After months of turmoil and civil war, the precipitous fall of the government of Muammar Gaddafi has re-ignited the momentum behind the so-called “Arab Spring.” Escalating violence in Syria, transitions in Egypt and Tunisia, and tensions throughout much of the region will ensure political uncertainty for the remainder of 2011 and quite possibly well into 2012.
Amid all of the ambiguity, one fact remains certain: more change is on the way and global companies need to prepare for it. Outcomes will vary from country to country, as will the groups impacted, and timelines for transition. Years of endemic corruption that benefitted small segments of the population have led to a pervasive sense of injustice and huge gaps in employment and education. For many years, governments have been unwilling or unable to 1) control high food and fuel prices; 2) curb unemployment and underemployment especially among young people; and 3) establish viable and forward-leaning education systems. The governments must address these root causes of societal conflict while also trying to attract FDI— a tough balancing act. All of this will lead to an unpredictable manner in which citizens will interact with their government and in the way that governments interact with external actors, including foreign MNCs.
Given the shifting landscape, foreign MNCs see potential for new challenges in the region. In a poll that Frontier Strategy Group conducted at the end of July, nearly 80% of executives identified external factors as the biggest challenge facing their businesses in MENA. This new regional reality has raised pertinent questions for businesses that are unsure how to engage new and transitional governments: How can companies mitigate risks through government relations? Should companies take a wait-and-see approach in the region or build government relations networks that will assist them through these transitional years?
Mitigating risk through government relations
Foreign MNCs have a variety of tools that they can utilize to mitigate risks associated with ongoing changes in governments. Judith Barnett, principal for the Middle East-focused consultancy The Barnett Group, sees several concrete steps that companies can take to reduce risk:
“There will be more changes, but the core of the governments will stay. Executives should visit these markets and establish close relationships with career people who handle product registration, bans, taxation, and tariffs. Being aligned with some of the local business organizations and federations is very important during this transition. MNCs also need to organize a strategy that allows them to invoke a range of relevant ministers who could play a substantial role in establishing new government processes by the time they leave office. Coordinating with a relevant embassy can be important because in most, but not all of these discussions with local government officials, the Ambassador and her staff can be very helpful in assisting companies to reach out to local governments and most importantly, to conduct follow through activities.”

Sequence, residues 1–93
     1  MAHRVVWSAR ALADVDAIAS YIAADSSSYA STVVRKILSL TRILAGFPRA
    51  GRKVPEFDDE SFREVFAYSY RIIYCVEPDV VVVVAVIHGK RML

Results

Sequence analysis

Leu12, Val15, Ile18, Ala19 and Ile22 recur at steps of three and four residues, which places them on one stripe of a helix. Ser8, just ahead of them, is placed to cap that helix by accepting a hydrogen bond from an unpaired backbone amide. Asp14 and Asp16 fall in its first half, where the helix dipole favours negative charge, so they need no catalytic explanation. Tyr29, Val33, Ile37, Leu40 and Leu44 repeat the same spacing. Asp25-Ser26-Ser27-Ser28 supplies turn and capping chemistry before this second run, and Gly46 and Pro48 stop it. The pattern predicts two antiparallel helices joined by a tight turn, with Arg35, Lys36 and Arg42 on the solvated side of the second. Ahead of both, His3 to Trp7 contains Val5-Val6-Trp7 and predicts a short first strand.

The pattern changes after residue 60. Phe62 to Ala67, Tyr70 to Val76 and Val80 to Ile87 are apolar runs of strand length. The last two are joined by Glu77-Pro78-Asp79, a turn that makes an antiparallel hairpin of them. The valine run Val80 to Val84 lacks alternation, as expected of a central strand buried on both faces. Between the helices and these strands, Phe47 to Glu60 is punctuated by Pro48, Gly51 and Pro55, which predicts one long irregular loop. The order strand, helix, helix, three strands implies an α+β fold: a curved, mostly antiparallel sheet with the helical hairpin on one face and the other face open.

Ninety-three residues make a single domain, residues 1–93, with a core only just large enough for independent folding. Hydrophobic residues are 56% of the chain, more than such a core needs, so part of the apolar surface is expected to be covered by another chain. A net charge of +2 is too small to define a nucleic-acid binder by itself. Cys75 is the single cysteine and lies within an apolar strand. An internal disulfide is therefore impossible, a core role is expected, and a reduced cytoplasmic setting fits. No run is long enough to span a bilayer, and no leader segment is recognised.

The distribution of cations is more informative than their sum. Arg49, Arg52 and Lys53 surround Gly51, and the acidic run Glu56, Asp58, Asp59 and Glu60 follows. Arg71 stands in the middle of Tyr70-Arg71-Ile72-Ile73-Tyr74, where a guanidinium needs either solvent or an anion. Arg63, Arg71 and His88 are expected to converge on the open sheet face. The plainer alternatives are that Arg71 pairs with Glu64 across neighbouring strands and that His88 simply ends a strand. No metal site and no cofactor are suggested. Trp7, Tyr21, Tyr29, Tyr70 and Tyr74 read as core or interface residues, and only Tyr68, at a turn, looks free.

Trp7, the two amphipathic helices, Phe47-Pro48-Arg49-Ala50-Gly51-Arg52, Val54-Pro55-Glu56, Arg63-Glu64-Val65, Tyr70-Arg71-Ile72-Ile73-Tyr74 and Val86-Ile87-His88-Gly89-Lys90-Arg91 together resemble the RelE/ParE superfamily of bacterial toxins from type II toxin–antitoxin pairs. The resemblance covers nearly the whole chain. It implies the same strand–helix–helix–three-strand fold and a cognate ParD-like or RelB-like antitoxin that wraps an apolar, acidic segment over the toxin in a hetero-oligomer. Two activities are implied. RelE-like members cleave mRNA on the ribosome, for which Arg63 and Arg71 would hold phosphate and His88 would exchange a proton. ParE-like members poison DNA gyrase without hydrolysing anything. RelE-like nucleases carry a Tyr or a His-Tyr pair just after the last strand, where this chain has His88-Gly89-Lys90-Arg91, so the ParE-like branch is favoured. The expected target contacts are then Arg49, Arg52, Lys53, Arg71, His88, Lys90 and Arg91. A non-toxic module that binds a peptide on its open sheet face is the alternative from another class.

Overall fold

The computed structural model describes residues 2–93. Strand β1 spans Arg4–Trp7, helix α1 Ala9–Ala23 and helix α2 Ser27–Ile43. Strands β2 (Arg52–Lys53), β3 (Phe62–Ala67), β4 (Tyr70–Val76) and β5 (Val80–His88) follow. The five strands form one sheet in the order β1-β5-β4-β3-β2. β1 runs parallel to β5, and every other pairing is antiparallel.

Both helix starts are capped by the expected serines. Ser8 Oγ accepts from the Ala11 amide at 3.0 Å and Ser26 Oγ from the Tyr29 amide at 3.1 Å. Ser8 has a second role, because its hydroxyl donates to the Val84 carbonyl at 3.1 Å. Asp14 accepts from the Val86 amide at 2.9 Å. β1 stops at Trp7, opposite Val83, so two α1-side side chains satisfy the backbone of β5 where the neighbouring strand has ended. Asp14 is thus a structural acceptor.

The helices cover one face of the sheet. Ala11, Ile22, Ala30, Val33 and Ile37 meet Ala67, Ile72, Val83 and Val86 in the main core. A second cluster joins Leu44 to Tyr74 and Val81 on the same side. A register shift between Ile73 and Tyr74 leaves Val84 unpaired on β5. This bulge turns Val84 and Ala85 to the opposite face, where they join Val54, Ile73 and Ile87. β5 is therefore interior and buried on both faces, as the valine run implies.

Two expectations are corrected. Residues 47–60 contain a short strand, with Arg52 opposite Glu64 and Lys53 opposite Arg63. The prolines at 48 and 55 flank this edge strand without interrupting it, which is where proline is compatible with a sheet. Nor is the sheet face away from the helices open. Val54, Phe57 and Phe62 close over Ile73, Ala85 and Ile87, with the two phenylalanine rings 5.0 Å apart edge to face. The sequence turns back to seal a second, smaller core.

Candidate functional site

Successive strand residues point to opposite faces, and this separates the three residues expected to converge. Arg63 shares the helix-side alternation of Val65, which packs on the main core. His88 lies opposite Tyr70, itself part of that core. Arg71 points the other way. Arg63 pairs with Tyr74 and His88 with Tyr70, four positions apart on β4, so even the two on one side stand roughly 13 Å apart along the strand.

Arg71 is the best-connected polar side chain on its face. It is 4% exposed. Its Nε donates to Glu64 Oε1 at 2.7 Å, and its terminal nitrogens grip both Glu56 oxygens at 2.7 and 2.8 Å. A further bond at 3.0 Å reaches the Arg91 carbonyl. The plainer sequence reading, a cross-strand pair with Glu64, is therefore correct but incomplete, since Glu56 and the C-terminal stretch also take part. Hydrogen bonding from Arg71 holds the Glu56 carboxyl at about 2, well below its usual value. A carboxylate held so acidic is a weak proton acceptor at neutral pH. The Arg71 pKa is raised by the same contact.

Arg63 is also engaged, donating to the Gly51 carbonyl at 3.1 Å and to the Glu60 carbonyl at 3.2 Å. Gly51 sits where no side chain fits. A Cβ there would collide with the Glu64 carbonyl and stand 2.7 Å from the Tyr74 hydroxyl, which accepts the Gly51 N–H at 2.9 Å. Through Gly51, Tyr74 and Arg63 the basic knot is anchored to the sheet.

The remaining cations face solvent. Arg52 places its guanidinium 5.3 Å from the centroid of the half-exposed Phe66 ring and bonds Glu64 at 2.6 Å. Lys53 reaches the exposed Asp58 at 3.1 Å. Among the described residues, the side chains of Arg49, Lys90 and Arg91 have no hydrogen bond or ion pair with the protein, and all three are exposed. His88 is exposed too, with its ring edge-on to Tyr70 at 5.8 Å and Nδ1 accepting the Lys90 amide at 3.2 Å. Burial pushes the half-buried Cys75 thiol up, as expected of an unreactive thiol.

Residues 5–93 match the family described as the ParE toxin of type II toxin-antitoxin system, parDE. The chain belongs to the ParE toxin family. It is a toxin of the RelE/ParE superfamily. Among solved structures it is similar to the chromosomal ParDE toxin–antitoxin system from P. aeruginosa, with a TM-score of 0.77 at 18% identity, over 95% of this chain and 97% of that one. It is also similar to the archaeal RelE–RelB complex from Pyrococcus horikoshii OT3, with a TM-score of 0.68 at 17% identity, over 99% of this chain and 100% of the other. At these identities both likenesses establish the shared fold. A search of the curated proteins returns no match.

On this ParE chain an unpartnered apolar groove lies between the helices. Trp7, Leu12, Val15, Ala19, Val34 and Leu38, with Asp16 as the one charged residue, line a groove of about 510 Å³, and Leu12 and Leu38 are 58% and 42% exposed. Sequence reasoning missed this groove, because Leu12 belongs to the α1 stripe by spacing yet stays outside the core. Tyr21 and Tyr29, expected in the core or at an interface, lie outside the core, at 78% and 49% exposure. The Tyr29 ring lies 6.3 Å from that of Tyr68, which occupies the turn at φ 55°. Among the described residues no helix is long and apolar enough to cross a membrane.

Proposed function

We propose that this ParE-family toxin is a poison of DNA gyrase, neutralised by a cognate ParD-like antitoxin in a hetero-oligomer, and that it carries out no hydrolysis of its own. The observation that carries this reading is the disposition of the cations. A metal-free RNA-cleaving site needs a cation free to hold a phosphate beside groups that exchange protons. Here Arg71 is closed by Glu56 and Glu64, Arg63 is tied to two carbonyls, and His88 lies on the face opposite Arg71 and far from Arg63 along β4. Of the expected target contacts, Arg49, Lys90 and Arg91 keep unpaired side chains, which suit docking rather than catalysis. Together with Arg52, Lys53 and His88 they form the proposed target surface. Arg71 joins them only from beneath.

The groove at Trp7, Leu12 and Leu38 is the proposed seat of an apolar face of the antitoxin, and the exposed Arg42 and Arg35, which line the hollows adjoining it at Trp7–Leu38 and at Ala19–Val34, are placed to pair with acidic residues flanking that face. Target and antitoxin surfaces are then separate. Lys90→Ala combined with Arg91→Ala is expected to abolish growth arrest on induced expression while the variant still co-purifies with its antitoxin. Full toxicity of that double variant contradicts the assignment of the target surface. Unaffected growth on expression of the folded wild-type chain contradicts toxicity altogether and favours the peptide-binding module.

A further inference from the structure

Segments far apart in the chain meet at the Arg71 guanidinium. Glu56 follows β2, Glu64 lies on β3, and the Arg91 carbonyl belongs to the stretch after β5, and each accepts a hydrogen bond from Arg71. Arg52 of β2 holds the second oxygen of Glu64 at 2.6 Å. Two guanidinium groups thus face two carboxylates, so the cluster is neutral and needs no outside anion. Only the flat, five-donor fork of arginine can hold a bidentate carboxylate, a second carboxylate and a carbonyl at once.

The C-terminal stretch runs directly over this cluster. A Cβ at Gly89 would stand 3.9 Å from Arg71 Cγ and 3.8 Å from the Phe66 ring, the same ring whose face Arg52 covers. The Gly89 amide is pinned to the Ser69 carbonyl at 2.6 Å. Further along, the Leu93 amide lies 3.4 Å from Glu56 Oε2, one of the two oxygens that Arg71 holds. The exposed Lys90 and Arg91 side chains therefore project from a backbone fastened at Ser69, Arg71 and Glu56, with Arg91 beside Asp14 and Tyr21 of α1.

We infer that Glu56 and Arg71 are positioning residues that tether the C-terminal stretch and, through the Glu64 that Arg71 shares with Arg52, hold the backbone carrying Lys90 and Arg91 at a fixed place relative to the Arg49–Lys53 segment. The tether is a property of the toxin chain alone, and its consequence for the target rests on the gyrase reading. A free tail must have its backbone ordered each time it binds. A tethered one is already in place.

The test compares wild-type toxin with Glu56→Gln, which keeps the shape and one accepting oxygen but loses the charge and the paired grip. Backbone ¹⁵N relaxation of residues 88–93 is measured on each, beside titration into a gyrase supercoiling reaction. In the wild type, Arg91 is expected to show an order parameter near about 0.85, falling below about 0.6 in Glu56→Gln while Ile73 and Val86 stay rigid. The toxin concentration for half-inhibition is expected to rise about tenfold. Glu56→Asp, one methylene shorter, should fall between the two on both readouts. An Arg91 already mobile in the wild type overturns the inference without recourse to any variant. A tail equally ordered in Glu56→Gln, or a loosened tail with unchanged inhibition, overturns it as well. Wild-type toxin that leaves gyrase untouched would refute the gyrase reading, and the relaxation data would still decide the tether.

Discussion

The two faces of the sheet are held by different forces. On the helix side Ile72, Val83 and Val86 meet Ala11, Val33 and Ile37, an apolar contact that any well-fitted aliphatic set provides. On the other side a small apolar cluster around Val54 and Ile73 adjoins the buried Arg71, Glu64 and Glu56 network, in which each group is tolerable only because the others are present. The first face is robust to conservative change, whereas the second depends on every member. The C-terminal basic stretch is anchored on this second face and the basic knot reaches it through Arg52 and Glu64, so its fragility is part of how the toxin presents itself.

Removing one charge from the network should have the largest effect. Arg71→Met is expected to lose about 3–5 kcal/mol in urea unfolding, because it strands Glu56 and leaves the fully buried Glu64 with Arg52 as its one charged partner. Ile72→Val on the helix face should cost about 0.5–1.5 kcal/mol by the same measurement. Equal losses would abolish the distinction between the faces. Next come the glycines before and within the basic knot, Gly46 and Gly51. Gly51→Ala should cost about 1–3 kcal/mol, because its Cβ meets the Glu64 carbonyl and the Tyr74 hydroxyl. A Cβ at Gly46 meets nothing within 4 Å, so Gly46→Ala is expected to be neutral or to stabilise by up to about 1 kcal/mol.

While senior executives in Latin America are awash in funding and senior executives in Asia have high growth markets like China and India, EMEA executives must contend with an atmosphere in which they are expected to do more with fewer resources. This presents challenges for obtaining internal buy-in for a government relations unit in the region. However, failing to devote the appropriate resources to government relations in MENA can result in tens of millions of dollars in losses. “An internal government relations program is actually inexpensive to establish. With a set of priority issues (trade barriers your Company is confronting), a strategic plan, focused meetings with government officials, and intense follow-through, you can resolve expensive problems and make 2011 and 2012 market-building years. You need to build your brand’s name, but you also need to protect it. That is where government relations can be critical. All you need is one tariff increase, product ban, new tax, or problem with registration to throw off your entire year,” Ms. Barnett adds.
Wait-and-See approach is the wrong one
In markets plagued by political and economic turmoil, conventional wisdom for many Western firms is to take a wait-and-see strategy before unfreezing projects, increasing investment, or expanding operations. This type of risk-averse policy leaves an opening for Chinese, Gulf, Turkish, and other international companies to gain significant market share in a very short period of time. Judith Barnett comments that there are long-term ramifications for this approach:
“Wait-and-see is the wrong strategy. When I visited Egypt over the summer, companies were talking about US$150 million investments, US$1 billion investments. These are smart companies that are moving forward at this time of opportunity. The more you continue to support these countries, the more that people will remember it. There is a great deal of brand, and inter-personal loyalty in the region.”
There is no doubt that MENA markets will present challenges to businesses in the short to medium term. Democratic transitions are not usually a smooth process. For example, unemployment historically increases as the economy is transformed. This will exacerbate political stability. Still, the investment opportunity is undeniable in the region. Right now 200 million people in MENA are under 29 and that figure will rise significantly over the next 10-15 years when the population surpasses 500 million. Regional GDP will surpass US$3 trillion next year, which is 30% higher than the rapidly growing African continent is forecast to reach by 2020. The MENA figure is expected to more than triple to US$10 trillion by 2030. A robust government relations strategy is critical for capturing this growth opportunity.
“Candidly said,” states Ms. Barnett, “If you don’t take care of your customer, someone else will!”